You all should see the place here called the Machine Shed. You would about die. It's shaped like a barn there is a kitchy gift shop and all the wait staff are forced to wear horrific denim overalls. It was very popular here. It feels weird and contrived to me and the food is nothing beyond basic stuff I could make a whole lot better myself. This is a good example of the more extreme chain restraunts. The problem with being extreme is that it is trendy, and therefore goes out of style. This place has been steadily declining over the past few years after a really strong opening. I wonder if Applebees walks the middle of the road deliberately to avoid becoming a fad.

My husband, of course, is interested in the big financial picture, the profit they make and how well managed the chain as a whole is. It is an extremely competitive segment. I'll get back to you all after the meeting this afternoon.

What's wrong with peanut butter and mustard? What else is a guy supposed to do when we are out of jelly?

-Dad

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Oddly enough, a bunch of us at work were talking about these types of eating places. We all agree that when we are traveling, we often default to one of these because, it has been a long day, we are tired, we really don't want to think too much, and we certainly don't have the energy for an adventure.

We started giving our opinions about the various chains. (I think TGIFriday's, Outback, Chilis, and Applebees were mentioned. There may have been some that are more regional.) Applebees came in dead last. The typical phrase... "Well, if it is the only thing I recognize near the hotel." Some said that the quality was really spotty. I have only eaten lunch at one in Brenham, TX several times and have to go EH! on the food and can't say on consistency.

All of that is just more verification of what others have said. As an investor, I would be concerned about a place that seems to exist in an ill-defined middle ground and I can't see where they can go with that in the next few years. Maybe if they changed the name. Applebees? EH!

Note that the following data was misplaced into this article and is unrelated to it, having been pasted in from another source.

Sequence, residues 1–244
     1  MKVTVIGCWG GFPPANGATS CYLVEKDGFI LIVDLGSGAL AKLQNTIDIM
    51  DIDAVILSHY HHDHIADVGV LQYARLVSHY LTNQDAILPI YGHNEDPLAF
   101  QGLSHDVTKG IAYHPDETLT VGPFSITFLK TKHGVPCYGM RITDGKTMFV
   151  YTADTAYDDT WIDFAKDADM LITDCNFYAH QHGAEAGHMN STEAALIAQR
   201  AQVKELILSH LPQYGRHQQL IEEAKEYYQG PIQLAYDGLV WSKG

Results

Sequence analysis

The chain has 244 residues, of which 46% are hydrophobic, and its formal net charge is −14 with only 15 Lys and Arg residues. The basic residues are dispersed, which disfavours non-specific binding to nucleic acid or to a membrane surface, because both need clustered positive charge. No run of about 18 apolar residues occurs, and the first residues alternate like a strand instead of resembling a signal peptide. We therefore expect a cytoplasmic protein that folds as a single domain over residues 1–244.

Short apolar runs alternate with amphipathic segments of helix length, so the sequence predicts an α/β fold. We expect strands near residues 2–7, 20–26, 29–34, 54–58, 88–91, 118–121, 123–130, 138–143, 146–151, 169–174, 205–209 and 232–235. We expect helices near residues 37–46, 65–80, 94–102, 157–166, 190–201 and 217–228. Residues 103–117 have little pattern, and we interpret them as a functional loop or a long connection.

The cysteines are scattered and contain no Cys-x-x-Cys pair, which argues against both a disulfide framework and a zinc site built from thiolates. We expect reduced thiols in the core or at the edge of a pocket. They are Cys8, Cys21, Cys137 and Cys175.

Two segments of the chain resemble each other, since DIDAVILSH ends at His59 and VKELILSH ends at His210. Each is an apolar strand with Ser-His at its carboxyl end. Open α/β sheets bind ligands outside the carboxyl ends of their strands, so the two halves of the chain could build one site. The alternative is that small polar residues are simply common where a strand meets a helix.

Linda LaRose aka "fifi"

"Having spent most of my life searching for truth in the excitement of science, I am now in search of the perfectly seared foie gras without any sweet glop." Linda LaRose

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Here's some interesting statistics about Applebee's position relative to their 'casual dining' chain competition. They're still number 1 in terms of sales, but other chains appear to be growing faster and doing better in terms of per restaurant sales. Applebee's just has a lot more locations.

It seems to me that I see ads for Applebee's practically every time I turn on the TV. Pretty annoying, actually.

"I think it's a matter of principle that one should always try to avoid eating one's friends."--Doctor Dolittle

blog: The Institute for Impure Science

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I'd ask if theres any way I could get a CD-R of all of the songs from their recent ad campaign. I'm weirdly obsessed with them. Not that they make me want to eat there or anything though...

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I've never been to the Applebee's in Danbury, CT but it is *the* restaurant of choice for my 16 year-old daughter and her friends. Many a birthday dinner is celebrated there. For my daughter's special day I planned a surprise party at a local hibachi/sushi Japanese Restaurant (was quite good.) I encouraged her and her friends to strongly think outside the Applebee's box. Gotta lead by example.

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I had the misfortune of being in a culinarily destitute area once and had to eat at Applebees, so my question would be "So you call that s*** food?"

Oh, you mean as an investor? I echo the sentiment about how they will differentiate themselves in such a saturated market with lots of other chains, which, IMO, are much better at the low-mid range Americana food with little (horrible) bits of misinformed, bastardized "ethnic" and "regional" influences (like CHAH-neez Chikin' Salad and Blackened Everything), unless their expansion strategy is strictly aimed at being the first of such kind of restaurant in other culinarily destitute locations.

dude - that just dredged up a memory of a business-trip applebee's adventure in schenectady new york.

i had ordered fajitas and umm...it came topped with stewed tomatoes. i was so very confused.

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What is Applebees?

:blink:

they have a very decent margarita, made from "top shelf" tequila, and fresh lime juice. better than i've had at 99% of bars in NYC. and i stand by that comment, no matter how much y'all will make fun of me for enjoying that drink. :raz: